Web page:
It’s more powerful overall than the Express, and the Voice Search alone is probably worth the $20 upgrade. It’s also a big upgrade over the 2016 version of the Streaming Stick, thanks to MIMO capability and voice search on the Roku Remote, which were both exclusive to more expensive models last year.

The $70 Roku Streaming Stick+: Cheapest Roku to Support 4K and HDR

If you’ve got a 4K TV, and want to watch 4K content, this the Roku Streaming Stick+ is the low end Roku so far as you’re concerned. The Express and the regular Streaming Stick do not support 4K or HDR; this one does.

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  • 4K Ultra HD and HDR compatibility.
  • Better wireless range, thanks to the included wireless receiver. You’ll need a USB port to power this receiver.

The wireless receiver is kind of unfortunate, in that it makes the otherwise tidy stick a little bit unwieldy, but it was probably necessary to support the kind of bandwidth 4K requires.

The Streaming Stick+ basically replaces 2016’s Roku Premier. The form factor is totally different, obviously, but it’s got the same 4K and HDR capability for $10 less.

The $100 Roku Ultra: All The Bells and Whistles

roku-ultra 2

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At $100, the Roku Ultra costs $80 less than the cheapest 4K-compatible Apple TV. Still, is it worth paying for? Here’s what it offers over the Streaming Stick+:

  • An ethernet point, for wired Internet connectivity. If you want to stream 4K content regularly this is highly recommended.
  • 4K support for up to 60 frames per second.
  • A microSD port, which Roku says can “help speed up streaming channel load times.”
  • A USB port, so you can play media from external hard drives.
  • The remote includes a headphone jack for private listening.
  • Some cheap earbuds are included, in case you don’t currently own headphones.
  • Offers night listening mode, so explosions don’t wake up your family.
  • The remote can make a sound until you find it.

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The headphone jack is a nice addition to the remote, and the lost remote feature is really neat, but the ethernet port is the biggest reason you’d buy this model over any of others. Wireless gets better all the time, but nothing is as reliable as a wired connection for 4K streaming video.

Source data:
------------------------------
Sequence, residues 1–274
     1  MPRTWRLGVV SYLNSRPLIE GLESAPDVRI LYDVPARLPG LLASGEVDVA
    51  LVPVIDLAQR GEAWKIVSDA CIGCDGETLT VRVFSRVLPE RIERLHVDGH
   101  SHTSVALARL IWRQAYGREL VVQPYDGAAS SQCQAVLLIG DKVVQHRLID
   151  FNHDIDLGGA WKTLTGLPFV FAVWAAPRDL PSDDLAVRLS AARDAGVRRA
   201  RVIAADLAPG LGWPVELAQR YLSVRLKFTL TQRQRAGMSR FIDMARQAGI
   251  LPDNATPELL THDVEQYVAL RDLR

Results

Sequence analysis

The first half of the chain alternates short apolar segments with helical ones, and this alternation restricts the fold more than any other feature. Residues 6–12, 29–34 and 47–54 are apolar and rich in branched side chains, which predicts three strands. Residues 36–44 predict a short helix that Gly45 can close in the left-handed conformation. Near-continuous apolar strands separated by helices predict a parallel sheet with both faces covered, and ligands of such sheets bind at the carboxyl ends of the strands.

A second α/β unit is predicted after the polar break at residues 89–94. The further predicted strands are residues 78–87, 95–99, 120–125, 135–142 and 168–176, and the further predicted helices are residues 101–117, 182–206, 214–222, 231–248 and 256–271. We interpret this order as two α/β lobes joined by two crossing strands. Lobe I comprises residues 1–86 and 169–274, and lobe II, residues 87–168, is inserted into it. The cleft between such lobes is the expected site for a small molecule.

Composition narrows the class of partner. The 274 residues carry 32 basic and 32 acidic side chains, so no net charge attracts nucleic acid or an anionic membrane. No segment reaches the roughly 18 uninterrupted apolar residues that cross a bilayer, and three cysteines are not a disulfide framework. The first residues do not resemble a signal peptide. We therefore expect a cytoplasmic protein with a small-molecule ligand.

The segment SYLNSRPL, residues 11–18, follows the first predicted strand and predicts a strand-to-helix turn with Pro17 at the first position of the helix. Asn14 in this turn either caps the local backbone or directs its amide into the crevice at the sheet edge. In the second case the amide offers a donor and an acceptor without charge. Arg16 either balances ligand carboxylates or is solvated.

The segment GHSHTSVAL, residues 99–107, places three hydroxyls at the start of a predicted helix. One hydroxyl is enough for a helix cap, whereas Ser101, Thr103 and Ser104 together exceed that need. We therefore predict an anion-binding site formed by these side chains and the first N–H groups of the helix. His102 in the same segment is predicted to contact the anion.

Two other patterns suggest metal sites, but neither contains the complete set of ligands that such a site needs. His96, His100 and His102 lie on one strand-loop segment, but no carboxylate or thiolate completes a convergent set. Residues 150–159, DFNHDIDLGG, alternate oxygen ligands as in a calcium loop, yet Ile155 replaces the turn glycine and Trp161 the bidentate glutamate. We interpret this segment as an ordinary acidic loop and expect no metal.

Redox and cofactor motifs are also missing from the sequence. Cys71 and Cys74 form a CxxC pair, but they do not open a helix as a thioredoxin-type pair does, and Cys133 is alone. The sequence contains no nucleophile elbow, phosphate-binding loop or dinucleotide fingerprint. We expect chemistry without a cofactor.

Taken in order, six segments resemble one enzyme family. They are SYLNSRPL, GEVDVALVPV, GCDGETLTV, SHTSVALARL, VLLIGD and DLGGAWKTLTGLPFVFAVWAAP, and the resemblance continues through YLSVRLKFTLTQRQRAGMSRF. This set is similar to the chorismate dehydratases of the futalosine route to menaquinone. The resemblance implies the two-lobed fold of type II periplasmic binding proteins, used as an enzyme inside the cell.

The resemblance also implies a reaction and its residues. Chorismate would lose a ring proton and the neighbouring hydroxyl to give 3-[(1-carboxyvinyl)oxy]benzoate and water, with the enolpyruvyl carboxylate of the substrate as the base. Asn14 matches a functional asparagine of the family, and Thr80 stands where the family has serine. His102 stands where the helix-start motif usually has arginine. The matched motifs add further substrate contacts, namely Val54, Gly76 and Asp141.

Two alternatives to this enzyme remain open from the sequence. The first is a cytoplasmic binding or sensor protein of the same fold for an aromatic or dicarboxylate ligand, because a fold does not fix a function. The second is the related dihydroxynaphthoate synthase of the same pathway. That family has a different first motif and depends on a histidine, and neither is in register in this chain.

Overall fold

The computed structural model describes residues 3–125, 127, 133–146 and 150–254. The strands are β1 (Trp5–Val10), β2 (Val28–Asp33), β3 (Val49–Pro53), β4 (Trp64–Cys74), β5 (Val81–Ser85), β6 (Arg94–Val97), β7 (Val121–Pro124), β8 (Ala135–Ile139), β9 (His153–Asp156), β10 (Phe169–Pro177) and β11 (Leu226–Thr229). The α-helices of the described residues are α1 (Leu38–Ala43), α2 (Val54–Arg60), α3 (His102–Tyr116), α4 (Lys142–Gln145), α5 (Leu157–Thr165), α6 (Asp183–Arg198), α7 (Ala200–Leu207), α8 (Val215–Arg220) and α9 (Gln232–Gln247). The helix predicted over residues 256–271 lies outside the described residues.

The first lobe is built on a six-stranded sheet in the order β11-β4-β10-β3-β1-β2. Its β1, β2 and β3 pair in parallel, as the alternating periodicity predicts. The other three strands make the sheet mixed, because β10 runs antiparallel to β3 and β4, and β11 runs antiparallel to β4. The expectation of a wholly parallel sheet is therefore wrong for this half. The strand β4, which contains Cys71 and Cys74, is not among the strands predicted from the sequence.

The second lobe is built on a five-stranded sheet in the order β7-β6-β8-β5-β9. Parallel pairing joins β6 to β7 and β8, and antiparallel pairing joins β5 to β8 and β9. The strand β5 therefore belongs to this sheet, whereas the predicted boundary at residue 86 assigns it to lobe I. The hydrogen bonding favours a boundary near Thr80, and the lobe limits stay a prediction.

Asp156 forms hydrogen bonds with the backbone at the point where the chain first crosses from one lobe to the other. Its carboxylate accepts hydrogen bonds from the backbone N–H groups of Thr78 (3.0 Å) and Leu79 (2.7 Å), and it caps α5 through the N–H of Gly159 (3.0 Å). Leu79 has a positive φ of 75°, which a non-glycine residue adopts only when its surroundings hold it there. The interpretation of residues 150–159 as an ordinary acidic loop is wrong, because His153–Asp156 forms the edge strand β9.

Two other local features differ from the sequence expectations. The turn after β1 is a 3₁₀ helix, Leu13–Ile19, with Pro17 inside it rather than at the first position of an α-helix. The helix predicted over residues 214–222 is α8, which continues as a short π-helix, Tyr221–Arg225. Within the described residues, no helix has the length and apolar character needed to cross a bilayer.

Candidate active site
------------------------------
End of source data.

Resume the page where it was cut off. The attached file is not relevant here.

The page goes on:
The 2017 Ultra is $30 cheaper than the 2016 model, but doesn’t offer the optical audio (S/PDIF) port. If you want that feature you’ll have to buy a Roku TV or somehow find last year’s model for sale somewhere.

But Seriously, Which Roku Should I Buy?

Still not sure which one you should buy? We’ll repeat our advice from the top of the article: buy the cheapest device with every feature you care about. If you don’t care about 4K, there’s probably no reason to buy anything more expensive than the Streaming Stick. If you want 4K video with HDR support, the Premier+ is the best buy here. Ultimately, which model is right for you depends on which features you want.

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It’s worth noting that there are also various TVs on the market right now with Roku software baked into them. Our policy: smart TVs are stupid. Unless you’re already looking to buy one of those TVs because you like the picture quality and price, get a plain old dumb TV and buy a Roku, which you can replace easily later without having to buy a new TV.

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Justin Pot has been writing about technology for over a decade, with work appearing in Digital Trends, The Next Web, Lifehacker, MakeUseOf, and the Zapier Blog. He also runs the Hillsboro Signal, a volunteer-driven local news outlet he founded.